More and more large institutions—including multinational corporations—have come to appreciate the value of empowering women economically. Creating opportunities for women to take control of their own livelihoods not only leads to improved living standards for themselves and their families, but also yields social and economic benefits for their entire communities. Doing so, moreover, can enhance the ability of companies to build “shared value” in the countries where they operate. Yet creating such opportunities is often much easier said than done. In “Empowering Women at the Grassroots,” the cover story in the Spring 2015 issue of SSIR, Marissa Wesely and Dina Dublon suggest that the best way to bring about enduring change in this area is to support the work of local women’s organizations. In the article, they offer a guide for how companies can build robust partnerships with such groups.

To supplement the article, we present three reports that Wesely and Dublon cite in support of their argument—one produced by the World Bank; one produced by the Oak Foundation in partnership with Dalberg, the International Center for Research on Women (ICRW), and Witter Ventures; and one produced by ICRW on behalf of Gap, Inc. We share these reports with gratitude to the organizations that published them.


In early 2014, the World Bank issued “Gender at Work: A Companion to the World Development Report on Jobs.” It’s a wide-ranging, globe-spanning survey of how women fare today in the employment market and in the workplace, and it sheds light on the gender-based social and economic gaps that efforts to empower women can help to fill. Here, we invite readers to download and review this report.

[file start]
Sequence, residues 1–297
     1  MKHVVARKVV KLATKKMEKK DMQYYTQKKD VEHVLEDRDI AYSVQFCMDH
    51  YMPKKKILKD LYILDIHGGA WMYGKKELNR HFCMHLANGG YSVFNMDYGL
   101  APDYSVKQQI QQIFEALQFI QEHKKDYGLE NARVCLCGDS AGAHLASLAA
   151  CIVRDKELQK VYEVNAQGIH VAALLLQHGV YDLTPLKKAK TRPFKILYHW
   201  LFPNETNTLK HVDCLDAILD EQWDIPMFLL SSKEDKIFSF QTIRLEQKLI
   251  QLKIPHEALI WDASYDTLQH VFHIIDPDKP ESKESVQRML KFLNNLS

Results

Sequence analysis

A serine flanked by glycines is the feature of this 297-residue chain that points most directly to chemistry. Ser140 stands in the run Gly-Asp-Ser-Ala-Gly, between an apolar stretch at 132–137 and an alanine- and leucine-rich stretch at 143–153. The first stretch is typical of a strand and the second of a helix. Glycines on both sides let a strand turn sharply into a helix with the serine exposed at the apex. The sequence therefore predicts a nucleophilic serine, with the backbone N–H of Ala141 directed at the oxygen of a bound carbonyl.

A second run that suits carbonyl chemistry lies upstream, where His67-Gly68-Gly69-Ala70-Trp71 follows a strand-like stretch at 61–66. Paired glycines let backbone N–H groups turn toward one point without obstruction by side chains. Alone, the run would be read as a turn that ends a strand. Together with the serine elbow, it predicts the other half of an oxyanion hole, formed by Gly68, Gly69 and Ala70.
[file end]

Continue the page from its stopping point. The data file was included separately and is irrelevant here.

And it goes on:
Gender at Work

 

On virtually every global measure, women are more economically excluded than men. Trends suggest that women’s labor force participation (ages 15–64) worldwide over the last two decades has stagnated, declining from 57 to 55 percent globally.—from the report

Download the complete document here.


The title of “The Business Case for Women’s Economic Empowerment: An Integrated Approach” clearly spells out the core message of that document. In the report, the Oak Foundation and its three partner organizations advise company leaders to invest in programs that “[treat] women not as beneficiaries, but rather as true economic agents.” The report, which readers can download here, presents eight “building blocks” of a model for how companies can empower women in a holistic way.

The Business Case for Women’s Economic Empowerment

 

More than ever before, business leaders are stepping forward to advance women’s economic empowerment. Their efforts position them as a very powerful ally in the broader effort to ensure that all women can fully participate in and benefit from rising global prosperity.—from the report

Download the complete document here.


Measuring the impact of programs undertaken in partnership with grassroots women’s organizations is crucial to making such partnerships work. In their article, Wesely and Dublon cite an evaluation that ICRW conducted of PACE (Personal Advancement and Career Enhancement), an initiative sponsored by the clothing retailer Gap. “Advancing Women, Changing Lives” is a report on the results of that assessment. Here, we invite readers to download and review the report.

Advancing Women, Changing Lives

 

P.A.C.E. is changing many women’s lives. They now have a more optimistic outlook on life and are better able to deal with challenges. They have a greater sense of self-worth, are able to express themselves with ease, can better manage their work and their personal lives, and have plans for the future that seemed out of reach before their participation in the program.—from the report

Download the complete document here.

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